At the time of an arrest, defendants are always told that anything they say or do can be held against them in court. It's important to keep the same concept in mind when it comes to your social media activities, as your posts can be used as evidence long after your initial arrest.
Social media accounts are a part of the public domain; there is no need for the prosecution to secure a search warrant to view and collect information from your social media account that is openly viewable. As a result, the prosecution can use the details you post online as a way to support their case against you.
Take someone on trial for a violent crime, for instance. If their social media account is full of violent threats and pictures with weapons in the background, the prosecution would undoubtedly use this information to disprove any idea that the defendant did not have violent tendencies.
There is no such thing as a private account when it comes to the prosecution. If your profile is set to private, it is still accessible by the prosecution, especially if any element of the case is hinged on your actions online. For example, consider an instance of domestic violence in which the victim claims the accused began harassing them online.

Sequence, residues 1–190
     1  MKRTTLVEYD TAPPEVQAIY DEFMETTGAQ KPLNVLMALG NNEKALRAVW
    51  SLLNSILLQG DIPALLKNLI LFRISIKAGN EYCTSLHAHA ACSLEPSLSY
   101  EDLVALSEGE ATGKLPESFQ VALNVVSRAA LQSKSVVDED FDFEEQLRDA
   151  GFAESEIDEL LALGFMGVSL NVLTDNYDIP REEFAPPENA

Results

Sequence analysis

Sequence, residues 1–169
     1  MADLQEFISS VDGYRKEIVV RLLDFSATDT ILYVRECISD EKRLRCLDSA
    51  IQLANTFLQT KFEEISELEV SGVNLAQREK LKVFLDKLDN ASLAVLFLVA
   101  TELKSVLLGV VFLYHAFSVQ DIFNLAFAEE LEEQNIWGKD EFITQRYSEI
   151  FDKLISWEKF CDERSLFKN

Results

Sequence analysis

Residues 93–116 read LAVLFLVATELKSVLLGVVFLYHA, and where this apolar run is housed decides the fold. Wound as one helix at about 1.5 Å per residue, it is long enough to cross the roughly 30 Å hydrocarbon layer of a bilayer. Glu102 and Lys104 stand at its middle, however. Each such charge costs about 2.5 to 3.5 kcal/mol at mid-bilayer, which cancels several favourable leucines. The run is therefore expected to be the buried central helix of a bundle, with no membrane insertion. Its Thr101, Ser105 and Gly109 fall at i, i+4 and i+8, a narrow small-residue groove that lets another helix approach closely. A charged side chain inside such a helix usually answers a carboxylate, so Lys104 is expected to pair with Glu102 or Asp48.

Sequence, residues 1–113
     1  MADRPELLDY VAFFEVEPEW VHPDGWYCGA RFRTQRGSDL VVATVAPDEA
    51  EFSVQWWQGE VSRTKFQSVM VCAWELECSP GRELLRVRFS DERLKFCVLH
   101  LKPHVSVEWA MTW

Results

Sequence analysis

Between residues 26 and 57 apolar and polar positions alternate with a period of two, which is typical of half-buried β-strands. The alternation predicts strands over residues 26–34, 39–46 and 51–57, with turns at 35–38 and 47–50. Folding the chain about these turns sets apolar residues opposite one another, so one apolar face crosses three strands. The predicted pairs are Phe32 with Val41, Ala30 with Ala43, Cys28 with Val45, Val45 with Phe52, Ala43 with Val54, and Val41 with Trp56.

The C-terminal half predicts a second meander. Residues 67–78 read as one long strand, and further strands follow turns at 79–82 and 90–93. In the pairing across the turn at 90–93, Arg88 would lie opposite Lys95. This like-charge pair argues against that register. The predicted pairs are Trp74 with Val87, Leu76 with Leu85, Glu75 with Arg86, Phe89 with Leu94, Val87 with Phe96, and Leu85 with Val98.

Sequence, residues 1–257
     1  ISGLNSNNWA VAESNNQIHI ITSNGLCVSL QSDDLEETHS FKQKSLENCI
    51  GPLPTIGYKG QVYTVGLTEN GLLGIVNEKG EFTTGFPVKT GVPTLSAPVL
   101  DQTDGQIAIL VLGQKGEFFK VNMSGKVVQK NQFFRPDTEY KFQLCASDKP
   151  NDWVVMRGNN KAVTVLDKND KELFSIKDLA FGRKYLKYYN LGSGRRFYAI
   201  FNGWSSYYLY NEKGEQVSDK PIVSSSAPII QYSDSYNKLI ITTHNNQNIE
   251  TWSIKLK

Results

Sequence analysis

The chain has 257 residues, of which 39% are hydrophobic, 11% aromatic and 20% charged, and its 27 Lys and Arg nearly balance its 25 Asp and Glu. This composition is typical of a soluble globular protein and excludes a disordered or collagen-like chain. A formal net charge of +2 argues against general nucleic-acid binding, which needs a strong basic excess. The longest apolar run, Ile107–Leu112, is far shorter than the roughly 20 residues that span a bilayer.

In this instance, the prosecution could obtain a search warrant to access the individuals' social media account, including any messages they sent. The warrant could even give the prosecution access to deleted files. Everything the person ever posted could be used to support the prosecution's case.
If you have been charged with a crime, it's a good idea to take a break from social media. In the same manner that the prosecution can use old information to prove your case, they can also use the information you post while your case is still being tried in court. A disparaging post about the prosecution and a picture with known criminals are just some of the social media exchanges that can be used against you.
Should you decide to continue to utilize your social media account, make sure that you think about everything you post and how it can come back to hurt you in the long run.
Be mindful of the things you post online, and in the event that you are facing a charge, speak with a criminal lawyer to learn how you can protect yourself going forward.